- Astronomy & Space Science
- Astronomical instruments
- Cosmic background radiation from the Planck spacecraft
Cosmic background radiation from the Planck spacecraft
Research Review By:
Demianski, Marek Department of Astronomy, Williams College, Williamstown, Massachusetts; and Department of Theory of Relativity and Gravitation, Institute of Theoretical Physics, University of Warsaw, Warsaw, Poland.
- COBE and WMAP missions
- Data analysis
- Information from the results
- Open questions
- Additional Readings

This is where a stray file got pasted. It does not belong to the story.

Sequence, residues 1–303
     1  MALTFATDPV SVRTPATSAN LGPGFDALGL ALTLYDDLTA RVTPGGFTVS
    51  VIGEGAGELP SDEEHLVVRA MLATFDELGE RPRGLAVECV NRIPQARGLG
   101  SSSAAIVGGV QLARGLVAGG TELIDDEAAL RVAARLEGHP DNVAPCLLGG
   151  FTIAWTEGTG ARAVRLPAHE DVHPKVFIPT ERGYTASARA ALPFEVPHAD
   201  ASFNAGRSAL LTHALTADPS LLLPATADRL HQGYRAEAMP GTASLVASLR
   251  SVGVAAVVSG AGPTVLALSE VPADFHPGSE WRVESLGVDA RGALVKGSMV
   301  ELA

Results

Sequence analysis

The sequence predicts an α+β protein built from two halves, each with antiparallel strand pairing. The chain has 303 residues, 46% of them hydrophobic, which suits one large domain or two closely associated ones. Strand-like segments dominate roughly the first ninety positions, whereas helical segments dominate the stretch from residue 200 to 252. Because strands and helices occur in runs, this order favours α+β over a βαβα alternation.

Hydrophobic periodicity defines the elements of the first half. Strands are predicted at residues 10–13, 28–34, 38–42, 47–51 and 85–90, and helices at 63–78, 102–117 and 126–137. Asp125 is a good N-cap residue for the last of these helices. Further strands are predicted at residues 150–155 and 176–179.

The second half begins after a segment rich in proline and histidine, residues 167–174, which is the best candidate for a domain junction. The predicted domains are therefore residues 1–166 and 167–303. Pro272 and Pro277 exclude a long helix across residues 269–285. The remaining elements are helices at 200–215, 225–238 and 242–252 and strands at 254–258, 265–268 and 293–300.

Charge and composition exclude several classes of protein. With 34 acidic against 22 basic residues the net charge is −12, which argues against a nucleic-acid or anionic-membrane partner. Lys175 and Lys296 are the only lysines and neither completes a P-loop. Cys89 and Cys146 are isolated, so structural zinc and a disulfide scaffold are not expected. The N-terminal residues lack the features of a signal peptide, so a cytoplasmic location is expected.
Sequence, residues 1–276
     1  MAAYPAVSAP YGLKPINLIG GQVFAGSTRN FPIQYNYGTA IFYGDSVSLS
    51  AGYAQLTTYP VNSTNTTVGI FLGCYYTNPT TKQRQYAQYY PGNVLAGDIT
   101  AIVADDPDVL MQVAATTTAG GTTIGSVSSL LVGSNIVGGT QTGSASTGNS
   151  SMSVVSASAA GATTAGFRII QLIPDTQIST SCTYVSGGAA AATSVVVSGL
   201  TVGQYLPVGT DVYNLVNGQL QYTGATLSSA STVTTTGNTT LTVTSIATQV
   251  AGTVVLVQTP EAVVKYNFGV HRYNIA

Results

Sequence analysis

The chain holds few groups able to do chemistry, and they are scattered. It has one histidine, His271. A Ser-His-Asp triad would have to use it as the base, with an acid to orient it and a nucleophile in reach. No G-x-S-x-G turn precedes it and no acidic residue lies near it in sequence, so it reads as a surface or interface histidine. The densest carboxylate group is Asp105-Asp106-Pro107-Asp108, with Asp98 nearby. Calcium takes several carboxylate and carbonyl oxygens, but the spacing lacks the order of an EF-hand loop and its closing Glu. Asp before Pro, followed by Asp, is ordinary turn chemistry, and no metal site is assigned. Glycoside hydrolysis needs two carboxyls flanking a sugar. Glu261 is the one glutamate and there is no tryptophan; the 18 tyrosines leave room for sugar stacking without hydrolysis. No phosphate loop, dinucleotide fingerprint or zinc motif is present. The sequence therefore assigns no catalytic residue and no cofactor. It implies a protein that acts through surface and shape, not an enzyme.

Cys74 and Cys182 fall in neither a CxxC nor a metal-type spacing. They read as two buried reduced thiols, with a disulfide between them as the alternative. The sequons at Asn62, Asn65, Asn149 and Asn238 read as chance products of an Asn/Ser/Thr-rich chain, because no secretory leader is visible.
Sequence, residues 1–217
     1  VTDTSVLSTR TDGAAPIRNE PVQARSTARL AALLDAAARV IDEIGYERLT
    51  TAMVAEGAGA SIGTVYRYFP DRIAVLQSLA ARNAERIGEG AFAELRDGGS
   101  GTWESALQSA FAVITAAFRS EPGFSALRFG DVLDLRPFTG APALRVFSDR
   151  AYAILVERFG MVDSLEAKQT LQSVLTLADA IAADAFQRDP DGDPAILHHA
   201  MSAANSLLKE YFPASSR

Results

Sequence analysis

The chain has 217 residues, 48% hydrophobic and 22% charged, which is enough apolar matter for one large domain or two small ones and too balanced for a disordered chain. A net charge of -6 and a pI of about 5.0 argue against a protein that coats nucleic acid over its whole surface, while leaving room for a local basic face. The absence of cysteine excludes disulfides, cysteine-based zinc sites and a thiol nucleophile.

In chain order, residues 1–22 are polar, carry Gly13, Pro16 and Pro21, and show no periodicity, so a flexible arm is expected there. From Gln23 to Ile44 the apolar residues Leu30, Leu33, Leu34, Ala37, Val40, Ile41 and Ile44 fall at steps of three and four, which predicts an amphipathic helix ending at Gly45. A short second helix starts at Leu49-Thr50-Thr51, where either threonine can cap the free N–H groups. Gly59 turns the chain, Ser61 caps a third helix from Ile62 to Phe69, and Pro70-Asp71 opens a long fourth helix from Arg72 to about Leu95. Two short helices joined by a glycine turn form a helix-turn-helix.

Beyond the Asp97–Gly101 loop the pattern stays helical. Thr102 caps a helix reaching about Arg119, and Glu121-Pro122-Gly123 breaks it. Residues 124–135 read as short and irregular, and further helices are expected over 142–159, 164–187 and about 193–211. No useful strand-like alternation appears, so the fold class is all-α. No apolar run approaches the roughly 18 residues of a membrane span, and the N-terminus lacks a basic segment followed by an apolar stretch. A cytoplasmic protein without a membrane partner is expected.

The European Space Agency Planck satellite, named after the German physicist Max Planck, was specially designed to measure very precisely temperature and polarization of the cosmic microwave background (CMB) radiation across the whole sky. To fulfill this goal, the Planck satellite was equipped with two sets of detectors: the Low-Frequency Instrument (LFI), which consists of 22 radio receivers cooled to 4 K (4 degrees above absolute zero) and operates in the frequency range 27–77 GHz; and the High-Frequency Instrument (HFI), which consists of 52 bolometers cooled to only 0.1 K and operates in the frequency range 100–857 GHz. All the LFI bolometers and 32 of the HFI bolometers were designed to measure the level of polarization of the CMB radiation. The optical system provided an angular resolution of 5 arc minutes, which is three times better than any previous CMB space mission. Its primary mirror is of elliptical shape, with a longer diameter of 1.75 m (69 in) and a shorter diameter of 1.5 m (59 in).
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